‘Race against time’ over NZ’s covid outbreak as expert slams rulebreakers

University of Auckland professor of epidemiology Dr Rod Jackson
University of Auckland professor of epidemiology Dr Rod Jackson ... "We've just got to got to slow it down as much as we can." Image: Nick Monro/RNZ

RNZ News

The plan for New Zealanders with covid-19 to isolate at home suggests the government believes the spread is wider than had been thought, epidemiologist Professor Rod Jackson says.

Covid-19 Response Minister Chris Hipkins said home quarantine would be introduced “fairly soon” as a necessary step to prevent MIQ spaces being limited even further for people coming to New Zealand from overseas.

University of Auckland professor of epidemiology Dr Rod Jackson said the outbreak had to be slowed down.

“Last night, there were 75 unlinked cases in Auckland. What that means is there’s a lot more cases out there.”

He said the speed of the spread of delta variant makes this outbreak worse than any previous one.

“I think the government’s clearly signalling that MIQ is going to be overwhelmed, the next thing is hospitals are going to be overwhelmed, everything’s going to be overwhelmed,” he said.

“We’ve just got to got to slow it down as much as we can.”

‘Huge risks’ with home isolation
There were “huge risks” involved with home isolation, he said, “but to me, it suggests that … they believe this problem is much much wider than we thought”.

“We are in a race against time to get everyone vaccinated, we just have to use everything in our power to slow [the outbreak] down as much as possible.”

Dr Jackson said vaccination should be mandatory for more sectors.

“I think it has to be the police, it has to be supermarkets. The other thing is that businesses are crying out for the licence to introduce their own mandates.”

With more than 80 percent of eligible New Zealanders having had at least one vaccine dose he said “the tide was turning” against those who were not vaccinated.

Covid spreading among rule breakers
Dr Jackson said he had supported the move to level 3 for Auckland last month, and believed returning to a period of level 4 lockdown may have little effect on the growth of cases.

“Covid is spreading among a group of people who are breaking the rules,” he said.

“You can be really hard on them, but you’re probably not going to ever stop them.”

University of Auckland public health associate professor Dr Collin Tukuitonga is sceptical level 3 had made little difference to the outbreak.

“That’s a very narrow view,” he said.

“The people who don’t obey the rules is only a subset of the total number of people who are likely to move around and spread the virus.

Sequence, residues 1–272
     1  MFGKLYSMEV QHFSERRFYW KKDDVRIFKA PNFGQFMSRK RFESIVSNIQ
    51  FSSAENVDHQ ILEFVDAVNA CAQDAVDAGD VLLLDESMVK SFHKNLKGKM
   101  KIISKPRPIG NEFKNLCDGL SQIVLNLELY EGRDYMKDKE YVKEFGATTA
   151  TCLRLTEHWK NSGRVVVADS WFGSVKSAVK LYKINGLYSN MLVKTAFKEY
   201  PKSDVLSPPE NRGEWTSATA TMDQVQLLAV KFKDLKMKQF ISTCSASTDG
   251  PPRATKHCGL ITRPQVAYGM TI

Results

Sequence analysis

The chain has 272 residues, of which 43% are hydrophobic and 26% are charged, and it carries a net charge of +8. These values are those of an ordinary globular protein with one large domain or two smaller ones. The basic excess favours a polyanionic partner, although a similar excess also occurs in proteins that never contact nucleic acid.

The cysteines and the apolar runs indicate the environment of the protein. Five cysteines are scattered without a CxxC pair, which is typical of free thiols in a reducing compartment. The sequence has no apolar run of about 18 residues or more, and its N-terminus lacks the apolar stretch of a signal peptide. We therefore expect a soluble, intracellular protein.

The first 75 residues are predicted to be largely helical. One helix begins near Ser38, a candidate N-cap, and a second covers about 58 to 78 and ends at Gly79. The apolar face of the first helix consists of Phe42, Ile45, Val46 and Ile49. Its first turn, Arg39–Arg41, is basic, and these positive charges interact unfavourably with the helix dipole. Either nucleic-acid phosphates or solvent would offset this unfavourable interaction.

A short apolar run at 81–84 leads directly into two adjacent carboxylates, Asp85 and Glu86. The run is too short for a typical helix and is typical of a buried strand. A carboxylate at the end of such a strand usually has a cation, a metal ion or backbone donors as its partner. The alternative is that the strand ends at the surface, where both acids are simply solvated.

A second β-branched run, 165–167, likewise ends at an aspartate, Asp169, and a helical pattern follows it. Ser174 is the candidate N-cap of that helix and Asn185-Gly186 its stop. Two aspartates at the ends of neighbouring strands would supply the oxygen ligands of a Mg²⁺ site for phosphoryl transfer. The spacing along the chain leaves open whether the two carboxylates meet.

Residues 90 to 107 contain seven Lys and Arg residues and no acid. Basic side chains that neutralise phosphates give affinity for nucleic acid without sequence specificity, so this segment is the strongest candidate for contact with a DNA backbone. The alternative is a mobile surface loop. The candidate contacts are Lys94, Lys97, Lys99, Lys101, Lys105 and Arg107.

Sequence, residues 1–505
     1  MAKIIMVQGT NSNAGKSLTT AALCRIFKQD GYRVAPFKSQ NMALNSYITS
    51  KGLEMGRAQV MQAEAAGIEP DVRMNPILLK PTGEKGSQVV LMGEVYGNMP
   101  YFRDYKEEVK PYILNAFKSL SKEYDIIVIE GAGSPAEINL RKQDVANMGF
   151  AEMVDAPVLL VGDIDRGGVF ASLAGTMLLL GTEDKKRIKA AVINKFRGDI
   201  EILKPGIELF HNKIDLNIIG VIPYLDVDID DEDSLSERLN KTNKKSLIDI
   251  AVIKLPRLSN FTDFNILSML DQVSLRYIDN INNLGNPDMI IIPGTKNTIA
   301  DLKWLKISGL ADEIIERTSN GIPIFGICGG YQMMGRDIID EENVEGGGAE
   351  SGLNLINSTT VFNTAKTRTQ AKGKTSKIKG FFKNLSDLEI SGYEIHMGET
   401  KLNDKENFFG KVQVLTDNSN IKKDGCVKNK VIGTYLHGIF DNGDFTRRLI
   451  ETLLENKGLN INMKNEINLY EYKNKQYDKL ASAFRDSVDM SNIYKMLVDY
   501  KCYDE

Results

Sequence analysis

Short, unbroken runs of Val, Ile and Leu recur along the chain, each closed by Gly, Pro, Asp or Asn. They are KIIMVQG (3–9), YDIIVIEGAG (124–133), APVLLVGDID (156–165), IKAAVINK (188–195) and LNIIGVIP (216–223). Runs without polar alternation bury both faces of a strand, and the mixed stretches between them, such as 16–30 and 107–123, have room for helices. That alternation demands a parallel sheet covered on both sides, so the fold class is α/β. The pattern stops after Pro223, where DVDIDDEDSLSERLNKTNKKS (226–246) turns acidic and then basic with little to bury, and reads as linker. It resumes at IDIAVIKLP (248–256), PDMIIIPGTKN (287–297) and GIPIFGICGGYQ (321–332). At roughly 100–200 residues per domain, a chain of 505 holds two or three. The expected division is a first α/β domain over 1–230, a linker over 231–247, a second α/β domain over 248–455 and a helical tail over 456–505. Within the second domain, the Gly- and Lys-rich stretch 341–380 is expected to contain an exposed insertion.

“Yes, these are people that are at most risk of spreading it but if you permit people to move around more than we did before you will no doubt transmit the virus around.

“I can’t see how you can say that level 3 and level 4 are the same risk.”

The drop to level 3 was premature and very risky for Māori and Pasifika where vaccination rates remain low, he said.

“I was on the record as saying tired Aucklanders and business people got the louder voice this time, and those of us in public health had a quieter voice.”

The government should be prepared to go back to level 4 if things got really tough, he said.

Home quarantine ‘not for everyone’
Dr Tukuitonga told Morning Report isolating at home would not be suitable for those living in crowded multigenerational households.

“It’s not for everyone,” he said.

“You’ve got to be quite clear about the criteria, you got to have a group of people you can trust to do the right thing, you need to make sure they have a good understanding of the risks, the facilities at home have got to be up to scratch.

“It can’t be a small state house with three bedrooms and 12 people.”

Dr Tukuitonga said anyone isolating at home must understand the risks involved, could be relied on to follow the rules, and have a suitable home.

He said some may think the move was risky, but it’s going to have to happen with cases growing.

“I know some of my public health colleagues will say ‘absolutely not, this is a highly, highly risky measure’, but as I say, you’ve got to be pragmatic,” he said.

“When we run out of facilities we’ve got to look at different options.”

This article is republished under a community partnership agreement with RNZ.

Print Friendly, PDF & Email